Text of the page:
For as much attention has been paid to video games for their “horrific” impact on our poor, poor children, there is also a surprisingly good amount of attention being paid to the more honorable aspects of what a quality video game can lend to us gamers. To name just one, video games have potential to have genuine educational value.
How a video game can be educational is, in my opinion, a truly complex matter. There are so many reasons I can identify as to how I am learning while I’m playing Bioshock
, or Civilization
, to (sort of) randomly name a few. There’s the idea of tangential learning, in which an interest sparked by something found in one of these video games incites the gamer to plunge head first into the Internets for more information. Then there’s the more direct idea of learning like within the strategy game, Civilization
, mentioned earlier. Whatever way we are gathering pieces of valuable information from these games, we are ultimately taking away more than just those 10, or 50 hours of gaming time we put in for enjoyment’s sake.
I’m always pleased when this side of video games is recognized and appreciated for once, and so it was with a positive reaction that I began playing Wonder Rotunda
, a browser-based game designed for children (ages 7-12) to help introduce them to some extra (and fun) education than what they are receiving. This game consists of an educational, virtual theme park and spoke of zip lining through tropical rainforests, and navigating a submarine through the human digestive system. Sounds fun, right?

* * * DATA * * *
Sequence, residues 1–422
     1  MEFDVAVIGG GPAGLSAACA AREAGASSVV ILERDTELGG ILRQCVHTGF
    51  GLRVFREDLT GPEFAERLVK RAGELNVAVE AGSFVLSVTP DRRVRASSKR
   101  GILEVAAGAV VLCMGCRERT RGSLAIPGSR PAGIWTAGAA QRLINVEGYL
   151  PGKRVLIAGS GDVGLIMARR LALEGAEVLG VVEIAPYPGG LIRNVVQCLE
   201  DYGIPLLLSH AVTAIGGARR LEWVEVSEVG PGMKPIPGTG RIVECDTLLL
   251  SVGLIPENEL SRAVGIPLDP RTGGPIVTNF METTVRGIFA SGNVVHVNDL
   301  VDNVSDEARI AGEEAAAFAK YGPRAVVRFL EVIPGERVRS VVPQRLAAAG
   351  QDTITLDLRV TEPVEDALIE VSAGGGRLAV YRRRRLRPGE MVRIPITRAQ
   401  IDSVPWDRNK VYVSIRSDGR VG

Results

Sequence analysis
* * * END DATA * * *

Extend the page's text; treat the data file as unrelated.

The creation and idea of the game comes from an inspiring story, too. Attending the 1964-1965 N.Y. World’s Fair and coming away wholly impressed by it, a D.C. father decided to recreate the experience for children in an online game. I felt pretty enthusiastic about this game – excited to see what worlds I would wander.
I have to say that I was, unfortunately, highly disappointed. I had such high hopes for this game. It was a great idea, with very genuine intentions, and seemed interesting and fun at the same time. It is, still, a great idea but it wasn’t executed correctly.
The “game” starts you off with an avatar creator, and a description of what an avatar is. It’s very simple and plain, and I can guess that any 7-12 year old won’t be too interested in designing an avatar with such little flare. You can also design an avatar of a companion to bring along with you, who does absolutely nothing. He’s (or she’s) meaningless. You arrive at the park and are given access to a map of the theme park, giving you options of where you want to explore first. I hit the zip line first thing expecting to be flying through the jungle exploring varying wildlife. And there began my disappointment. I soon realized that the game was going to amount not to exploring and fun expeditions around this theme park, but to a very dull narration by a very dorky looking man (Mr. Wonder) who basically holds your hand throughout your game. The game can be best described as a point-and-click given that you navigate through by clicking at objects to get more information on them. For instance, you can click on an animal you come across in the rainforest and a text box pops up to describe to you what the deal is with this particular animal that you’ve encountered. This information is tracked in your journal for each expedition. The problem is that by the end of my round in the rainforest I felt like I just read a virtual textbook that my elementary school would have assigned me. This would be a cooler way to read a textbook assigned from school, actually, but don’t disguise it under the name of a “video game” in that case.
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